Out of the box, the SLS AMG takes 3.8 seconds for the 0-62 mph sprint, and tops out at an electronically limited 197 mph. Any two-wheel-drive car will struggle to deploy such massive grunt off the line, so the 3.7-second 0-62 mph time recorded by the Brabus 700 Biturbo is not representative of how much quicker it is in real world conditions. Its 0.7-second faster 0-124 mph time of 10.2 seconds certainly is. If you can find a long enough stretch of autobahn, the extra torque and horsepower make full use of the car’s tall gearing and seven forward ratios to reach an unrestricted 213 mph. Late afternoon traffic conditions only allowed us to sneak up to around 180 mph a couple of times, but the obvious power still in hand at this speed made it clear that there was much more to come.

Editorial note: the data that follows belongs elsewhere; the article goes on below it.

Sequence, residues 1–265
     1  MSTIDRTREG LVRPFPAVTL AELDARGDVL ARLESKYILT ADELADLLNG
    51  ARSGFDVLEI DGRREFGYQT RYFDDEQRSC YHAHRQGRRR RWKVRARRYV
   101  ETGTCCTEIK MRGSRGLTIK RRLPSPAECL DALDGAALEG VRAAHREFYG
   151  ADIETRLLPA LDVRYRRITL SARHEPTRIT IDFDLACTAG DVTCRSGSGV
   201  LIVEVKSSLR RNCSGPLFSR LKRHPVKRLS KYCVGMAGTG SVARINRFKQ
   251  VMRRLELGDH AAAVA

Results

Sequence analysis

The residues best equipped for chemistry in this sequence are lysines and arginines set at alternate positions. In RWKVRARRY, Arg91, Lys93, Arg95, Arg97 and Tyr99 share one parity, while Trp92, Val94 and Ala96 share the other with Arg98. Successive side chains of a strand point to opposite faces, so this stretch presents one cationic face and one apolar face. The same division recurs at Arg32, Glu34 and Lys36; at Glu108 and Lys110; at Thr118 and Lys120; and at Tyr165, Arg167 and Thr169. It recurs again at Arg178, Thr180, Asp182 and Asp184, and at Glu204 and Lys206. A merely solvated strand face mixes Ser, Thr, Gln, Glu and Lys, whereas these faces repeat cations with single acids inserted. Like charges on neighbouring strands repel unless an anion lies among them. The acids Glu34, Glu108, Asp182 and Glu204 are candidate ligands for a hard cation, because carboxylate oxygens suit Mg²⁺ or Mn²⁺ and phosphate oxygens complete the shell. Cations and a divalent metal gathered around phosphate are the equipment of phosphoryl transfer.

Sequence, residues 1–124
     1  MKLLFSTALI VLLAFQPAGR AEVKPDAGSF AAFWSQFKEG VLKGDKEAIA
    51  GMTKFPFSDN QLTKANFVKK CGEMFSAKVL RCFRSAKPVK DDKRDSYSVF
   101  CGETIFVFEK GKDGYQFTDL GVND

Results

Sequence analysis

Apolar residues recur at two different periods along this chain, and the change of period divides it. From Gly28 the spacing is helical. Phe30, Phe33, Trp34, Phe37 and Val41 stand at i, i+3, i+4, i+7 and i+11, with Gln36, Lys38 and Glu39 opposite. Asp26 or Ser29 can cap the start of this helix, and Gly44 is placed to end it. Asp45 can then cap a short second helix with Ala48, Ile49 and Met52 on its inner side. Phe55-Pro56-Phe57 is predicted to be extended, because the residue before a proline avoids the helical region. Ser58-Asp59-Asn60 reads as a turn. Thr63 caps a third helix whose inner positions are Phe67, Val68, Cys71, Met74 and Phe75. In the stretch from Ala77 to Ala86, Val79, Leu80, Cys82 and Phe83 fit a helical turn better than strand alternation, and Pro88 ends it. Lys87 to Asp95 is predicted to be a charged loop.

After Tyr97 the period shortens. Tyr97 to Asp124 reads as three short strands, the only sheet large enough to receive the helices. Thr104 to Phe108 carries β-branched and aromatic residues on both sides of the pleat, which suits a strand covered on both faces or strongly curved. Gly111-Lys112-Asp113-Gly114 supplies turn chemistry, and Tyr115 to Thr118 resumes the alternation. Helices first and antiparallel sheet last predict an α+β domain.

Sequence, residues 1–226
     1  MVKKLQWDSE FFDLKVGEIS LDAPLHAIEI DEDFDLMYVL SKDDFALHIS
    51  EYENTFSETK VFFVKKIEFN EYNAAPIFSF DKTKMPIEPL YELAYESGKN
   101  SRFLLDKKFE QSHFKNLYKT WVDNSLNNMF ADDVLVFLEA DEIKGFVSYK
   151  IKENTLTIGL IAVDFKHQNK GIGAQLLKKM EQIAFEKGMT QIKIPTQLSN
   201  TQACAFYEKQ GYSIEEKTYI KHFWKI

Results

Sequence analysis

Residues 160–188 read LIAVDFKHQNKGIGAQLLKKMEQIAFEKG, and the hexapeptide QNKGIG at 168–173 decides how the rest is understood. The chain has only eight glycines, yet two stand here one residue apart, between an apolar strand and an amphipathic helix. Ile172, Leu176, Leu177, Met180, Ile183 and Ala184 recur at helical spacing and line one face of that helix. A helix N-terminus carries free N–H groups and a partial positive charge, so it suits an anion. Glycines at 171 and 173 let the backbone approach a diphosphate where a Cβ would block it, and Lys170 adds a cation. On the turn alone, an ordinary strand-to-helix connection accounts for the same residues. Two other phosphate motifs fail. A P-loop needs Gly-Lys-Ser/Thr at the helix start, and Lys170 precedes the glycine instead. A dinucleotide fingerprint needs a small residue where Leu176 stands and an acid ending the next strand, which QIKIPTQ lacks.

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Torque is also what makes the Brabus 700 Biturbo a quite different animal in everyday driving. The standard SLS is not slow or lacking in grunt if you use the revs. But if you are in a high gear and want instant go, you’ll be met by smooth but less-than-sparkling acceleration until the rev counter needle passes the 3000-rpm mark. Matching the standard car’s peak torque at just 2000 rpm on its way to its much higher plateau, the Brabus 700 Biturbo is cooking with gas much earlier in the day. The extra thrust on tap means you don’t have to pay attention to the gear you’re in so much, and it would be realistic to say that you can drive everywhere at least one gear higher for a given situation.